When I tell people I’m a professional food stylist—I cook and style food to be photographed—their first reaction, without fail, is one of wonder and amazement. (Runner-up: Is the food edible? Answer: Usually!)
I often take the cool factor of my job for granted. I get to work with (and take home) food, I get to collaborate with talented and creative people, and sometimes I get to see my work in the wild: in a magazine, on TV, and on packaging in a grocery store. (Still working up to my Times Square billboard!)
What people don’t know about food styling is that a solid 60% of the job is grocery shopping. How a final photo looks and feels is decided by what I buy: the color of the lettuce, if the herbs are flowering or not, the particular brand of bacon that renders more fat, cute carrots from the farmers market vs. mega supermarket carrots. Even how the cashier throws the perfectly shaped hot dog buns around like a hacky sack at a picnic determines how good the food looks.
So I pay a greater-than-average amount of attention to groceries and I am always keeping mental notes about the best places to buy certain things. The biggest non-negotiable: where I buy fresh basil.
Basil is without a doubt the most difficult herb to keep fresh and looking picture-perfect. It’s delicate and super sensitive to temperature, which means its leaves can turn limp and black overnight if stored improperly. It is seasonal (hello, summer!) and hard to find year-round, like in mid February, when I’m trudging through the snow on the way to a photo shoot that’s celebrating recipes for warmer days.
That is why, for all my personal and professional basil needs, I buy a potted basil plant and I only look for it in a surprising place: the garden section of the hardware store!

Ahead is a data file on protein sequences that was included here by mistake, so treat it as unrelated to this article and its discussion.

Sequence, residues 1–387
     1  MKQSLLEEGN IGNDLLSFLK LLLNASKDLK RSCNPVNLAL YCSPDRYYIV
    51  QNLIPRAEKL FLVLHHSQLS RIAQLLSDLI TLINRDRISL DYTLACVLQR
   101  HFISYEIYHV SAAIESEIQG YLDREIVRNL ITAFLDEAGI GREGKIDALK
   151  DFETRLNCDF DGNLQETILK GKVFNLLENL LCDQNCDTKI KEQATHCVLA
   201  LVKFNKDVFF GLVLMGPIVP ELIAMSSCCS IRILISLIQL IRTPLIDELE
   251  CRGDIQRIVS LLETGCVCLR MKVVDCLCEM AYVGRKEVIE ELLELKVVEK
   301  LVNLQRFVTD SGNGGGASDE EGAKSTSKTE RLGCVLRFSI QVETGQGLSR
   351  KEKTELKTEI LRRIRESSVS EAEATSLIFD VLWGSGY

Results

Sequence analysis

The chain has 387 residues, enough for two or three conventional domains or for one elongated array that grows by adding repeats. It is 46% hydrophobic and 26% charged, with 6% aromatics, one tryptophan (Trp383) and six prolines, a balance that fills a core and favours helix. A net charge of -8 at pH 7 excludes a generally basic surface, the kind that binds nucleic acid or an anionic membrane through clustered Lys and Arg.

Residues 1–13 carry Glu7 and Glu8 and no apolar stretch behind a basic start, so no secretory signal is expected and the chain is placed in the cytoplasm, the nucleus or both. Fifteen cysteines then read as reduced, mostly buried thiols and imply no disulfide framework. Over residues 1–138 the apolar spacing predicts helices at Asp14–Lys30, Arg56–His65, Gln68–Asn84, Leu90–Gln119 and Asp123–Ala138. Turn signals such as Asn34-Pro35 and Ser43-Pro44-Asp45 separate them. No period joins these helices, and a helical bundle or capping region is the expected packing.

In Brooklyn, where I live and work, there are a few independent hardware stores that keep a great inventory of plants. I can reliably find a healthy basil plant at a hardware store that’s more lush and leafy than any slim, flimsy plastic package from the grocery store—you know the one, with two sprigs of basil barely squished inside. And to top it all, basil plants at the hardware store are the same price, if not a little cheaper, than those wasteful packets of basil from the grocery store that are one-fifth the size.
Basil plants last perfectly fine on the counter, saving me precious refrigeration space when I’m working in a photo studio without a ton of room. After the photo shoot is over, someone is always excited to take the plant home, and for good reason—basil is famously easy to take care of, grows abundantly in direct sun, and makes your kitchen smell great.
So if like me you love a good bargain and better basil, pay your local hardware store a visit for a beautiful pot.